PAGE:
- You will glue the fabric ruffle to the cone about 2″ above the burlap ruffle all the way around. But first, start at the bottom where your burlap ruffle first began to incline. Tuck the fabric ruffle up out of sight there and glue in place. Let the fabric ruffle slowly begin to appear under the burlap ruffle until it is about evenly spaced between the burlap ruffle above and the burlap ruffle below.
- Glue a small piece of the 2″ ruffled burlap all around the top to finish it off and to hide the top of the cone from sight.
- Now for the star topper. Clip a small hole in the bottom of the star ornament and insert the dowel rod. Push it fairly far up so that it will keep the star secure and upright. Secure with glue. Wrap the plastic pearl beads around the base of the dowel rod. You could also use jute for this if you wish instead of beads. After all glue has set, insert the bottom of the dowel rod into the top of the tree. If you don’t feel it hitting some of the paper stuffing, then stuff a little more into the cone from the top. Small pieces work best. Use a generous amount of glue to glue the dowel rod into the cone. Like a LOT of glue. It’s going to have to fill up any airspace left around the papers to hold the star securely.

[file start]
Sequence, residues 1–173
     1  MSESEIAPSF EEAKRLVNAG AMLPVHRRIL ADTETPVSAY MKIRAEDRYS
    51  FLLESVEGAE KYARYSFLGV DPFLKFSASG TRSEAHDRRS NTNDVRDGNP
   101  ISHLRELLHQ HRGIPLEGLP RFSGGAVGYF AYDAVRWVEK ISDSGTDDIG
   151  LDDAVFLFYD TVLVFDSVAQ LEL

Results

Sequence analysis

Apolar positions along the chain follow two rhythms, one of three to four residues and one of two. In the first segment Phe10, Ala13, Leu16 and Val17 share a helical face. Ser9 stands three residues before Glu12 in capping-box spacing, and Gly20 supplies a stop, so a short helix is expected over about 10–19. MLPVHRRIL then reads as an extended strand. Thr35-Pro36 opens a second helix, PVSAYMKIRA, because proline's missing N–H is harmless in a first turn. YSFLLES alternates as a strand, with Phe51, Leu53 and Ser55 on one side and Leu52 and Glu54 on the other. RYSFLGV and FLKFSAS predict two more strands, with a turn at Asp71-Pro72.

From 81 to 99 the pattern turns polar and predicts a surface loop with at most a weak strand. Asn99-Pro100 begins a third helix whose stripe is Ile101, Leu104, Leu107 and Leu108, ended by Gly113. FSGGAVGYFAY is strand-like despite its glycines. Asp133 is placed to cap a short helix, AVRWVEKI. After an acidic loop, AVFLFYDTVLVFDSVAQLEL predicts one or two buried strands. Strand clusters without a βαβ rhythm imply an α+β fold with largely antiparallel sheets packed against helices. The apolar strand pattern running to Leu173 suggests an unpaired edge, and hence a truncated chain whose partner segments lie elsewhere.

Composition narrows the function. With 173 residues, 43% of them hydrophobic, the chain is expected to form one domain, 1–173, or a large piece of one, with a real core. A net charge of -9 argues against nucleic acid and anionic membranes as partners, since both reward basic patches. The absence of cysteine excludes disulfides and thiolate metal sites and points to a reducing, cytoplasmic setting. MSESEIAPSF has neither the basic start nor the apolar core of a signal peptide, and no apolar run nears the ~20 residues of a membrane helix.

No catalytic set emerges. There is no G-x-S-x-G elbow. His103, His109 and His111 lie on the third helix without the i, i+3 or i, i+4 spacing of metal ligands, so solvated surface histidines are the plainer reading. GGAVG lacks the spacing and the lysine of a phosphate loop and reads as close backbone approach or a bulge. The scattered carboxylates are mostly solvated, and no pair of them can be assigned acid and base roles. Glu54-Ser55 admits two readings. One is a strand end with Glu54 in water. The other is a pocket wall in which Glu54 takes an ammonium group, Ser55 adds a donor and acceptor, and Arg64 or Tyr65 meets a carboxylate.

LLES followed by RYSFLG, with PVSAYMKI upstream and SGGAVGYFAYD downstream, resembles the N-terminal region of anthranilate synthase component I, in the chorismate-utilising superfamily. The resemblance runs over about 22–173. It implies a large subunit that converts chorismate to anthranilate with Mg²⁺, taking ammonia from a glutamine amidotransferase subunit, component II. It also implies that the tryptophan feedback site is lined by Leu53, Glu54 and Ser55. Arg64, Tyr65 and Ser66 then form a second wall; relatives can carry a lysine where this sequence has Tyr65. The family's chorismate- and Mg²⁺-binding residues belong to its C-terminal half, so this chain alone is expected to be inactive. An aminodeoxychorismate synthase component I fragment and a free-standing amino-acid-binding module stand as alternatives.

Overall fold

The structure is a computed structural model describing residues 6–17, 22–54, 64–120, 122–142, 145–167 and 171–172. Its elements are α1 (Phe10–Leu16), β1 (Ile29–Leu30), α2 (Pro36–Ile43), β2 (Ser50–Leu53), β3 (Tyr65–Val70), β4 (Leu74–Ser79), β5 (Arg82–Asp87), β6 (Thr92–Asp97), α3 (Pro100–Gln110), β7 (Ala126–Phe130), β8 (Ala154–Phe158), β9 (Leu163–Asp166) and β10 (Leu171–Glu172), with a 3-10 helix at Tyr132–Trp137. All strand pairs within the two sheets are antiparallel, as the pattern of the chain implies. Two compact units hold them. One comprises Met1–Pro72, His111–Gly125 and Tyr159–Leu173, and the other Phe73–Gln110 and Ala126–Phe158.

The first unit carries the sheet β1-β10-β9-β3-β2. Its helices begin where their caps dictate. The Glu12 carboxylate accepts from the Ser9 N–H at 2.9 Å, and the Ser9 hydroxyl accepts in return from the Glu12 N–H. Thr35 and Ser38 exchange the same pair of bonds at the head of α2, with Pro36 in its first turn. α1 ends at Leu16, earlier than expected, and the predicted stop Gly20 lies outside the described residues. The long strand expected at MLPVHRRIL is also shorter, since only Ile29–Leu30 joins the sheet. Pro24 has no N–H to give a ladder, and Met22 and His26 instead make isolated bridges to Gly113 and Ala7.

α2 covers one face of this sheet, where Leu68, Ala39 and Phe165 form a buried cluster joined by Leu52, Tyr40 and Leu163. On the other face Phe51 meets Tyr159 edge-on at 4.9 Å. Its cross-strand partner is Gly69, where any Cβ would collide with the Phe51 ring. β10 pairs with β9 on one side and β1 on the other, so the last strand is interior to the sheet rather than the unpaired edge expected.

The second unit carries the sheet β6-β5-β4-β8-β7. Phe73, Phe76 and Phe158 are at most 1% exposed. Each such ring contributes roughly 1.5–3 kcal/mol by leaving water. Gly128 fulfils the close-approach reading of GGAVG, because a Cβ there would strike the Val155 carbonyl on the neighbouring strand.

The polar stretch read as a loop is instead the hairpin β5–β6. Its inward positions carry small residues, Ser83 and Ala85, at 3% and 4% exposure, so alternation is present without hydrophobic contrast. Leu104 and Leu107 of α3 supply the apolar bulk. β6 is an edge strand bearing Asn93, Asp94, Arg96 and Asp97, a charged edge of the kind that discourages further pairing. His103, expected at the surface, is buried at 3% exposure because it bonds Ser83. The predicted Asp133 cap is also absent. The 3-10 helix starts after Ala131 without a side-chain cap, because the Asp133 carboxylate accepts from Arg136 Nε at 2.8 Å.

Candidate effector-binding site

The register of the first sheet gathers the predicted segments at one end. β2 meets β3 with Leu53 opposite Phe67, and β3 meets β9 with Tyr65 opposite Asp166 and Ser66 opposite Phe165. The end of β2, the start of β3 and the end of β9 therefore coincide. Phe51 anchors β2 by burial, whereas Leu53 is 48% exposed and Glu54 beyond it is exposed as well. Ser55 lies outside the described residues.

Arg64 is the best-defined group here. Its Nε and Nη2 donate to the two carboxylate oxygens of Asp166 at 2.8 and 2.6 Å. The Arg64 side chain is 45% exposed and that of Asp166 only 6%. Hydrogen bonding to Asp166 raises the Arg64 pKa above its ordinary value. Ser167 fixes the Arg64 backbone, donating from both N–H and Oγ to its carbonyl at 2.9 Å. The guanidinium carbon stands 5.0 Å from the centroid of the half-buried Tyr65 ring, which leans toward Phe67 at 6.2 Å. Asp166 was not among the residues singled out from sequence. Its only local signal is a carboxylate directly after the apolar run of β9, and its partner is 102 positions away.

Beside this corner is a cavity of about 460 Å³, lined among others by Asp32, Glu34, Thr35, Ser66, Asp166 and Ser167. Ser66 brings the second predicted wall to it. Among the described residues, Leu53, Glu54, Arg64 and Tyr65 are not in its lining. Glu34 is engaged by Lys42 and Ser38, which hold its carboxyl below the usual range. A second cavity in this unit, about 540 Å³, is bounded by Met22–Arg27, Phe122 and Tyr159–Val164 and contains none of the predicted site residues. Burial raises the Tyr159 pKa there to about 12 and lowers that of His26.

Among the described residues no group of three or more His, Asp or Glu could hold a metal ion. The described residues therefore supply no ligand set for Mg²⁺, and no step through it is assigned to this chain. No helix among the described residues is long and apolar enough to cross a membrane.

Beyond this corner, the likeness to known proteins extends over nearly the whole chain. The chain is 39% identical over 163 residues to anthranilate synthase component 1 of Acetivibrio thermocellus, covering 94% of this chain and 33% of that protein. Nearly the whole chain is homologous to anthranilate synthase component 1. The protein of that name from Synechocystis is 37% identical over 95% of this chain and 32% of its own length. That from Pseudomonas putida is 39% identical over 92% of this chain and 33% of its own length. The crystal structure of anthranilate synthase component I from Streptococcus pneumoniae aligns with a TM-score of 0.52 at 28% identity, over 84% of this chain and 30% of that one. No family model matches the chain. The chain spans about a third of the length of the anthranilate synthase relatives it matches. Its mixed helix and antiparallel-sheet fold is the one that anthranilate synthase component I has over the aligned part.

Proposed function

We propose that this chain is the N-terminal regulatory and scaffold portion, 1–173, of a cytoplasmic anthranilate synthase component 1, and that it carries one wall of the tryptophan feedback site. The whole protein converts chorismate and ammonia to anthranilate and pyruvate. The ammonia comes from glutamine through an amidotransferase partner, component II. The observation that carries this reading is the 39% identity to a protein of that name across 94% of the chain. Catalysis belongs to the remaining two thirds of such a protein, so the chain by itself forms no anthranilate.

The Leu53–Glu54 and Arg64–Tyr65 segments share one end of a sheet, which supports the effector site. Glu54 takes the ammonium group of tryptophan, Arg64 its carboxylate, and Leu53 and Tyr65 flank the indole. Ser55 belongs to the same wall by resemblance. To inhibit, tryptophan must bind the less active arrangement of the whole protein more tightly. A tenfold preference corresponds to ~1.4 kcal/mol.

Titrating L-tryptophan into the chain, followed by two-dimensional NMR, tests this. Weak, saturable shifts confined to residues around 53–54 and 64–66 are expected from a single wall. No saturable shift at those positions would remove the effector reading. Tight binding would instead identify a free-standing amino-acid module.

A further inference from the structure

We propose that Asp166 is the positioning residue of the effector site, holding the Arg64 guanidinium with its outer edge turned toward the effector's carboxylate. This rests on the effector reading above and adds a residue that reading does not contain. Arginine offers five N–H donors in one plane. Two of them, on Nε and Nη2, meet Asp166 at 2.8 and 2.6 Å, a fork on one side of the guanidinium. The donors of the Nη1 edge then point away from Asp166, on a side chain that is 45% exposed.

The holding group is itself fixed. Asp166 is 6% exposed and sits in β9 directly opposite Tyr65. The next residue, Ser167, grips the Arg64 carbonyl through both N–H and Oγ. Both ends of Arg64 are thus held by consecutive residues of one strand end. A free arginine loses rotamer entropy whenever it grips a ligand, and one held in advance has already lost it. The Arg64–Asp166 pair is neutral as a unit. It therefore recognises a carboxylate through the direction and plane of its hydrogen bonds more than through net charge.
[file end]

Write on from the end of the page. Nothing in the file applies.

- Now this step is not always necessary. But if you find that the top of your tree is kind of messy looking where the star goes into the tree, you can glue some coiled up jute into place around the stem of the star to hide any messiness. I made several trees this weekend and some needed this little extra cosmetic and some didn’t.
There you have it! A great easy way to make a holiday burlap tree with lots of “wow” factor. Of course, this design can be developed in so many different directions. One of my favorites is to leave out the white fabric and just make the burlap rows closer together. If you do that you’ll need twice as much of the 4″ ruffle and you’ll want to space the rows about 2″ apart. Another great version is to cover your cone with burlap first and then glue the 2″ ruffle around in a spiral pattern with about 1″ between the rows. Both of these alternative designs are included in the picture below.
Are you inspired to give this a try? Will you make one just like one of these or will you put your own special touch to it and make something uniquely yours? We’d love to see pictures of what you make!
Trust in the Lord with all your heart
and lean not on your own understanding;
in all your ways submit to him,
and he will direct your paths.